Joseph Sicilian, chairman of the department of economics, sees similarities between requiring Williams Fund donations and scalping.
“It is the same: The Williams Fund is trying to get the most it can for those seats, and the scalper is trying to get the most for his ticket. But the scalper is in a less strong position because he has to compete with other people who are selling tickets,” Sicilian said. “He is at least subject to some competitive pressure, where the Athletics Department is the only people that can supply those seats.”
Associate Athletics Director Jim Marchiony disagrees with that comparison.
“How are we getting more than face value?” Marchiony said. “Are you required to give donations to buy tickets in Allen Fieldhouse? They aren’t required to do it, so why is it scalping?”
A minimum donation of $100 to the Williams Fund is required to be eligible for basketball season tickets, and prime seat locations can require donations that reach six figures. The highest level is reserved for those who have donated $50,000 or more.
Mick Allen, grandson of Kansas coaching legend and Fieldhouse namesake Phog Allen, had to give up seats that had been in his family for 45 years when the point system was implemented. Keeping his prime seats would have required a donation of $10,000 or more. He said the comparison between scalping and requiring Williams Fund donations is a “fair analogy.”
“It is total leverage,” Allen said. “As long as they keep winning, it will continue.”
In addition to cracking down on scalpers on campus, the Athletics Department has made it difficult for KU students, faculty and staff to sell their tickets by replacing paper tickets for each game with an electronic ticket card. Ticket revocation is promised for those who resell them. Marchiony said the policy is enforceable because those groups get tickets at a discounted price.
“They do what they want with them, and we kind of keep an eye on them, but there isn’t a heck of a lot that we do or can do if they decide to put their tickets on eBay,” Marchiony said. He admits they regularly go on ticket resale sites to see which season ticket holders are selling their seats.
Marchiony said the Athletics Department would revoke season tickets only from those Williams Fund donors who purchased tickets solely for resale. He said there had been instances in the past of ticket revocation, but he declined to elaborate.
Although the Athletics Department is opposed to individuals reselling tickets for more than face value, they ask that unused tickets be returned to a resale program for other Williams Fund members. Those tickets are then resold for 115 percent of face value, with the original face value returning to the ticket holder and 15 percent going to the Athletics Department. Marchiony said the 15 percent covered credit card charges and other costs of the system.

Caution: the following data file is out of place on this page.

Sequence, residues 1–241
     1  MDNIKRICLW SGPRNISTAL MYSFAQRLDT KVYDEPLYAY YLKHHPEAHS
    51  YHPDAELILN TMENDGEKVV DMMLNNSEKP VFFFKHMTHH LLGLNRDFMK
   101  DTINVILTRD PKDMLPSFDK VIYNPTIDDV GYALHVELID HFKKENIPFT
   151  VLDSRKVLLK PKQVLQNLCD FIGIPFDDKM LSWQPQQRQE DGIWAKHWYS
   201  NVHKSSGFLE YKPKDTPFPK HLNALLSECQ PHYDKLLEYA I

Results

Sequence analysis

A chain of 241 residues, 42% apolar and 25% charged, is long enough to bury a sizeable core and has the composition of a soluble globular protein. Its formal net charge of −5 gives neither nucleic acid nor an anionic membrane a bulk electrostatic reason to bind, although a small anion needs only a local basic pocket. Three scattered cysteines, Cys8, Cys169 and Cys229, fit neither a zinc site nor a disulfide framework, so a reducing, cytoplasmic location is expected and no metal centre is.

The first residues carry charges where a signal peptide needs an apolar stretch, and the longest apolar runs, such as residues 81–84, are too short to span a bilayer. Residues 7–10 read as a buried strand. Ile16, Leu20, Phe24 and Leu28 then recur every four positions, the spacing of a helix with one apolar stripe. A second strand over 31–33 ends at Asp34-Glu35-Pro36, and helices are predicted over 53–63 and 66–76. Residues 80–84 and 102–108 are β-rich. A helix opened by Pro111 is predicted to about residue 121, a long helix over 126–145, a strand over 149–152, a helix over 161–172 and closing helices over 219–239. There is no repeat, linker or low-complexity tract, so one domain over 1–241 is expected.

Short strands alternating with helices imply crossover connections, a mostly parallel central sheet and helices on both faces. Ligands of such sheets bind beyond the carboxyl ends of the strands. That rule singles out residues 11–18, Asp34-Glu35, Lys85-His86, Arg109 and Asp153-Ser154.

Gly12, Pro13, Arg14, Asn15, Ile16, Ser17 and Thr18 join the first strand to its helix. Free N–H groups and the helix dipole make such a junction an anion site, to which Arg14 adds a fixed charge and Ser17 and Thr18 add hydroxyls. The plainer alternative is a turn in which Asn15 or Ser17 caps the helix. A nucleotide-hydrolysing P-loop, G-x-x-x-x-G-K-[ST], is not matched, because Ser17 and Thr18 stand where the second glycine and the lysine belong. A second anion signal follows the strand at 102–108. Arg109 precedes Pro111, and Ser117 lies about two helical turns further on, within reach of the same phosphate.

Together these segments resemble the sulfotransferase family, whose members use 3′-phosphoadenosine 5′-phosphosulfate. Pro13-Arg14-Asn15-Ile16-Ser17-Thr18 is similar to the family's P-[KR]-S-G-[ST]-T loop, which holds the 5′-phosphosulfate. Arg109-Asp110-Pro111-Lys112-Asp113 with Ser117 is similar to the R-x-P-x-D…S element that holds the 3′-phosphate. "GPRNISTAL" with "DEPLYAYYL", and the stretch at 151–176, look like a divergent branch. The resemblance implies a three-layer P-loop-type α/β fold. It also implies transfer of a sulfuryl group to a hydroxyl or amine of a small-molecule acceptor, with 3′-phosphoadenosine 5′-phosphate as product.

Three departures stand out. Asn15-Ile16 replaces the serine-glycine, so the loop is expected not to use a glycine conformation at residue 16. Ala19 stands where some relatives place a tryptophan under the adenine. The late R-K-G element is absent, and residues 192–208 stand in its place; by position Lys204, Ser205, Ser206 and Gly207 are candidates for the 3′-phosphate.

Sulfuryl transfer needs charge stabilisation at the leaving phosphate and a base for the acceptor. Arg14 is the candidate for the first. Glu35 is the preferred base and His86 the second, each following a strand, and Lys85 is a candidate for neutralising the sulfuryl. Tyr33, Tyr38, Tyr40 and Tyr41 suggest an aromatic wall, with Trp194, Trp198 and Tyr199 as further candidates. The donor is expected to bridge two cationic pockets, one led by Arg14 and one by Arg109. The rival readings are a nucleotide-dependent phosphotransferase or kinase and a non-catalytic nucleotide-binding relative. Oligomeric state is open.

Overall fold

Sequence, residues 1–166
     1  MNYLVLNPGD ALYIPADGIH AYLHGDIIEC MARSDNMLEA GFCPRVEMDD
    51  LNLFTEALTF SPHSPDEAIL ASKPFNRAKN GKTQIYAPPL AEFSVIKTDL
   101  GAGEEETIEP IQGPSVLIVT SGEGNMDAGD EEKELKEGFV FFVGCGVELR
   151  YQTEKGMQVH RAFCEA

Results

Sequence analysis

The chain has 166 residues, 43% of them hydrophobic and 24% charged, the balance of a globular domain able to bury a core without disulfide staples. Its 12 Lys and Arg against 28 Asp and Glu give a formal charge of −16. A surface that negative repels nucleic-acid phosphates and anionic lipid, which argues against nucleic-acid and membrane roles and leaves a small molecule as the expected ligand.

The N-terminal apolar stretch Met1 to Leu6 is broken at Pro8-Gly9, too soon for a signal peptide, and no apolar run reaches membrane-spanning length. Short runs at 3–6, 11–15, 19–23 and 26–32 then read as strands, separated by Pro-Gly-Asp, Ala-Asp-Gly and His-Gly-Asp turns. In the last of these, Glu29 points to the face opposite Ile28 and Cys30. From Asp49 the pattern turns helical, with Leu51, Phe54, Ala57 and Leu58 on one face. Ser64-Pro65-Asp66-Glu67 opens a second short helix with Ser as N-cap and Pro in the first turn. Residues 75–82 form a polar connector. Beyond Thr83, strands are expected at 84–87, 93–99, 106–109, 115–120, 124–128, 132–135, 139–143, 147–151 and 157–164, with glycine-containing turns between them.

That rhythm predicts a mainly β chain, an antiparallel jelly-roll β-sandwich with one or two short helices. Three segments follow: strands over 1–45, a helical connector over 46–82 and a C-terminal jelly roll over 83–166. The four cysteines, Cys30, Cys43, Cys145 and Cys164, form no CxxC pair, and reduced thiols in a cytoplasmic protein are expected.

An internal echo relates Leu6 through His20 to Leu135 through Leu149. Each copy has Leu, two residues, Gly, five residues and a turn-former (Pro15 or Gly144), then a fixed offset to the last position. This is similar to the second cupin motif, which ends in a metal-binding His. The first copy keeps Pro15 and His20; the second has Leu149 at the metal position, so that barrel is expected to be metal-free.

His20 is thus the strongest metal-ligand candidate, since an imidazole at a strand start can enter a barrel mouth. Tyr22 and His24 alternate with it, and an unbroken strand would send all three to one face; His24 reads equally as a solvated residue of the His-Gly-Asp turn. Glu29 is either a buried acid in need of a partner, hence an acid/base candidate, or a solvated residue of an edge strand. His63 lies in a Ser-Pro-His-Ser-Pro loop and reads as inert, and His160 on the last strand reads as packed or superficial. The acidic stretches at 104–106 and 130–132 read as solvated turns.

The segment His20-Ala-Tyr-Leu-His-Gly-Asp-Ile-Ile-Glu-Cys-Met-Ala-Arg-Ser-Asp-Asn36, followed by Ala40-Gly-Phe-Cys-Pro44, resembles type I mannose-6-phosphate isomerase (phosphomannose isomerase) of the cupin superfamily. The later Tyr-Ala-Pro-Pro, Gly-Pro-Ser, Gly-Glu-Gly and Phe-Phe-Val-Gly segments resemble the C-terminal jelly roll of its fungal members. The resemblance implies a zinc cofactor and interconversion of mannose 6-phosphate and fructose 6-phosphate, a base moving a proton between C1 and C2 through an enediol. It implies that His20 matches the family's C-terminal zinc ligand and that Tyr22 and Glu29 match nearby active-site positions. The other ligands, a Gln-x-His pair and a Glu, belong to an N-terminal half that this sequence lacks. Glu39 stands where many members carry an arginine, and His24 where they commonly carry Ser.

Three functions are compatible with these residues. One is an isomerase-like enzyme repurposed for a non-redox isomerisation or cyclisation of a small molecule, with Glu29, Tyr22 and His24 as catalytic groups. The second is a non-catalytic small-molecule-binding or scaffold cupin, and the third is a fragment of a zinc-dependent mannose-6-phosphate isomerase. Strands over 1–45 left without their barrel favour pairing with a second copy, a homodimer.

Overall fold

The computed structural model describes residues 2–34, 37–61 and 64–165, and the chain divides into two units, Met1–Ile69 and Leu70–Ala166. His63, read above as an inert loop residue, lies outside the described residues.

David Burress, a retired associate scientist in the University’s Policy Research Institute, said that by creating the point system for the Williams Fund, the University had maximized the price they could get for the tickets.
“That creates a problem because if you paid a lot of money for that seat, you want to get a lot back, not just the face value,” Burress said. “They have a fancy auction based on a willingness to pay, so if somebody buys a ticket and has paid the maximum they can pay for it, and then they are asked to give it back to the University for the lowest amount, that is going to engender bad feelings. They are exploiting. They are double dipping.”
Marchiony doesn’t think asking fans to return unused tickets for face value is unfair.
“Sure it’s fair,” Marchiony said. “It’s fair to give them a choice of whether they want to do it or not.”
The concern about ticket scalping is hardly a new phenomenon. Before the Internet, then Athletics Director Bob Frederick said he would send people to monitor ticket reselling businesses by noting the locations of tickets.
“We would look up and see who those tickets belonged to, and we would contact that person and say ‘You better not do that.’ We didn’t have legal backing, but they are a revocable license,” Frederick said of the tickets.
During Perkins’ tenure, the University began cracking down on scalping two years ago by threatening to use the state’s criminal trespassing law and a University policy on commercial solicitation. The law says it is illegal to remain on any land by “a person who knows such person is not authorized or privileged to do so… Such person enters or remains therein in defiance of an order not to enter or to leave such premises or property personally communicated to such person by the owner thereof or other authorized person.” The law says nothing about ticket sales.